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While bugs creep into code for a variety of reasons, a lot of those causes are a result developers not fully understanding the code base they're working on, leading them to wrong assumptions, according to Ben Chelf, co-founder and CTO of Coverity. Chelf's company makes a static code analyzer, giving Chelf a good vantage point from which to observe common causes of programming errors.
In an interview with Artima, Chelf said that misunderstanding occurs when developers expect code they're calling into to behave a certain way, only for that code to act in a somewhat unexpected manner:
A lot of the problems we find [occur] when there are discrepancies between what a user of an interface and the implementor of an interface agree on. If there is inconsistency there, that will lead to problems. Maybe I didn't think I had to do certain checking of parameters that I pass into another function. The person who implemented that method might have thought that those parameters would always be checked before they were passed in...
Many of the problems we identify... are because of the developer not thinking about all the different possibilities that could be true or not true when calling into a different interface or when a certain path happens...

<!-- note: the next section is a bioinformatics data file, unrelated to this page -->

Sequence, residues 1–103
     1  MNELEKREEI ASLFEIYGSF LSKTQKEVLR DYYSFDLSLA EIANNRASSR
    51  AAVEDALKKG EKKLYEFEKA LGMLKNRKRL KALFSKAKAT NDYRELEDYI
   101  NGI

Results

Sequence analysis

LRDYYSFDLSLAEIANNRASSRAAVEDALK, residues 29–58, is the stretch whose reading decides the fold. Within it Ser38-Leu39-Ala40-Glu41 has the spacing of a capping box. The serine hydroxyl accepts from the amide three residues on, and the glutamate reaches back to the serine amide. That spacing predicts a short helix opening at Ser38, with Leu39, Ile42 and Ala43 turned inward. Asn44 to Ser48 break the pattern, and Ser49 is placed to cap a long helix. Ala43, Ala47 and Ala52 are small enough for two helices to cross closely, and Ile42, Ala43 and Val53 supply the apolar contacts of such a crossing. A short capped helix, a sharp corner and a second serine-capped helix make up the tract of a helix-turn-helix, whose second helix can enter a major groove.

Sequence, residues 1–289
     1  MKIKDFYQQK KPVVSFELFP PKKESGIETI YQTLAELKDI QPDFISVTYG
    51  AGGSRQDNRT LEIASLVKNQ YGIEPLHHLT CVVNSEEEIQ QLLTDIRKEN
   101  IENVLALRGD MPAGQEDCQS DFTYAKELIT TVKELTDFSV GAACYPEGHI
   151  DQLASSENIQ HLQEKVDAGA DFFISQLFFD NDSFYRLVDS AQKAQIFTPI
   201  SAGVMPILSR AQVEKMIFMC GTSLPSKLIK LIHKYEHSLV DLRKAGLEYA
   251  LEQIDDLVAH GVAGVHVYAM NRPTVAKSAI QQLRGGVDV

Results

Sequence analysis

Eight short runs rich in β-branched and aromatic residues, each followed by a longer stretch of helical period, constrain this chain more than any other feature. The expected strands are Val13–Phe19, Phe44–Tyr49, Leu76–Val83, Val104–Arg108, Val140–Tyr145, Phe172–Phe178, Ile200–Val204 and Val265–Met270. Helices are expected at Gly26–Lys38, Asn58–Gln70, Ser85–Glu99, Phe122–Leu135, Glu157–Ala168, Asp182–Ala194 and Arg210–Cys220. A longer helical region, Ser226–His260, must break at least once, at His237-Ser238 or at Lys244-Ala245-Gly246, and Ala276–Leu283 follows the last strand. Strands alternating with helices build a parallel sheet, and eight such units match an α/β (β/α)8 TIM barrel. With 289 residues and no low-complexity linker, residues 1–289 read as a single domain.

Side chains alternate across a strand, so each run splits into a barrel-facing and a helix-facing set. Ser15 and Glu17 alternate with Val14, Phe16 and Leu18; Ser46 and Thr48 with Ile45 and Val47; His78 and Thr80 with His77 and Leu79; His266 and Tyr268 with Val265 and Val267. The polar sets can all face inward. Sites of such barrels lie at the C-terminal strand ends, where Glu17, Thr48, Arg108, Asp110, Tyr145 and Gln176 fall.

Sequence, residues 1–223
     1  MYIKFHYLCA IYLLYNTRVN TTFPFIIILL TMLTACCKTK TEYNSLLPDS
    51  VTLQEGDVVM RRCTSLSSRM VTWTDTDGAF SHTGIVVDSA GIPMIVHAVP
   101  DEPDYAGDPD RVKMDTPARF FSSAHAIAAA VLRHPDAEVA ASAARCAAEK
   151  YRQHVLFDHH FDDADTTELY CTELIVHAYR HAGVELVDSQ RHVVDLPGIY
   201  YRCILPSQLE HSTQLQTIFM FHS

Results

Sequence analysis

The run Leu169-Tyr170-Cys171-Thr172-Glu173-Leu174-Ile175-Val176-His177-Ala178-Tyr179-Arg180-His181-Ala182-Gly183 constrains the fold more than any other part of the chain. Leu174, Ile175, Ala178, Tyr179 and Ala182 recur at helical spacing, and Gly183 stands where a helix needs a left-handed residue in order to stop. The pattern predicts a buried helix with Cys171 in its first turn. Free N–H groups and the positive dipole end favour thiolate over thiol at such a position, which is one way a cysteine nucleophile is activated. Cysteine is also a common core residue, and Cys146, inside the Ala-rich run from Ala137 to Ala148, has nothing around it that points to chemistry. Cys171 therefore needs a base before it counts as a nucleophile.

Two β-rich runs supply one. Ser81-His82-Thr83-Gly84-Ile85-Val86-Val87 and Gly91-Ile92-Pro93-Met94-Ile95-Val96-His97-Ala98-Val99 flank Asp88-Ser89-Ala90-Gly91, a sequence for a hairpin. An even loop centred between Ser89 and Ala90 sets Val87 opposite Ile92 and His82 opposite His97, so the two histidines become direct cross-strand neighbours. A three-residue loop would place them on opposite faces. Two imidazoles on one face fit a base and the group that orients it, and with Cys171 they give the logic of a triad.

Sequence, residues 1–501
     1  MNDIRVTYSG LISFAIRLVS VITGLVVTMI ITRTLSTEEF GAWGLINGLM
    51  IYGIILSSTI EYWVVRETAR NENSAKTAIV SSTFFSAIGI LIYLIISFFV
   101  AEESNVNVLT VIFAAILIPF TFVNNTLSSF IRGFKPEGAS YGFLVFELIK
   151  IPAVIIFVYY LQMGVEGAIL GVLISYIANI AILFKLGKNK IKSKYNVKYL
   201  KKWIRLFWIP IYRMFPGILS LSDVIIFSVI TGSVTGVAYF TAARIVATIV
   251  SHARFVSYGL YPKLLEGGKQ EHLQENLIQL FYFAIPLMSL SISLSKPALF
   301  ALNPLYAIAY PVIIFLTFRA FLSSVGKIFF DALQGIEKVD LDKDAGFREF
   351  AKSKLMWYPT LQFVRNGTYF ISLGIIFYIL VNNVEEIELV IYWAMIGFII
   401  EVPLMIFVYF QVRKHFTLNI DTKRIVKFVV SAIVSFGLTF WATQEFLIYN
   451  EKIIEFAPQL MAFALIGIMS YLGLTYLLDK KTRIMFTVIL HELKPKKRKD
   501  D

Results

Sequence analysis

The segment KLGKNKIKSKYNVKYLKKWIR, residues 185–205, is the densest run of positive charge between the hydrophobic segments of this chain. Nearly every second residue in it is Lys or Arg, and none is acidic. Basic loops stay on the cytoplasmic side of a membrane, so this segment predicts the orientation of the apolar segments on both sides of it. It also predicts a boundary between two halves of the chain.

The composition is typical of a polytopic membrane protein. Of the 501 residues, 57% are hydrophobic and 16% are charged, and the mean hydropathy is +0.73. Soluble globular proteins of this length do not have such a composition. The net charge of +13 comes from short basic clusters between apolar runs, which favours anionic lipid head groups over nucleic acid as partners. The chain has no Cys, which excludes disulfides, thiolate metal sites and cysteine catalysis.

I think developers, for the most part, don't think enough about what is going to happen in the bad case. We all have the tendency to think about the common case, the average case. Those are the ones that are going to run in your test suites. Those are the ones that are the likely behavior. But you have to spend probably a lot more time coding and thinking about the uncommon case, and what can go wrong in your system, and how things could possibly be used in a way that you didn't anticipate.
|Ben Chelf, CTO of Coverity, talks about the importance of thinking of the uncommon cases.|
How much effort do you typically spend on thinking through the unexpected and uncommon cases your code may encounter?Post your opinion in the discussion forum.
Frank Sommers is Editor-in-Chief of Artima Developer. He also serves as chief editor of the IEEE Technical Committee on Scalable Computing's newsletter, and is an elected member of the Jini Community's Technical Advisory Committee. Prior to joining Artima, Frank wrote the Jiniology and Web services columns for JavaWorld.
Bill Venners is president of Artima, Inc. He is author of the book, Inside the Java Virtual Machine, a programmer-oriented survey of the Java platform's architecture and internals. His popular columns in JavaWorld magazine covered Java internals, object-oriented design, and Jini. Bill has been active in the Jini Community since its inception. He led the Jini Community's ServiceUI project, whose ServiceUI API became the de facto standard way to associate user interfaces to Jini services. Bill also serves as an elected member of the Jini Community's initial Technical Oversight Committee (TOC), and in this role helped to define the governance process for the community.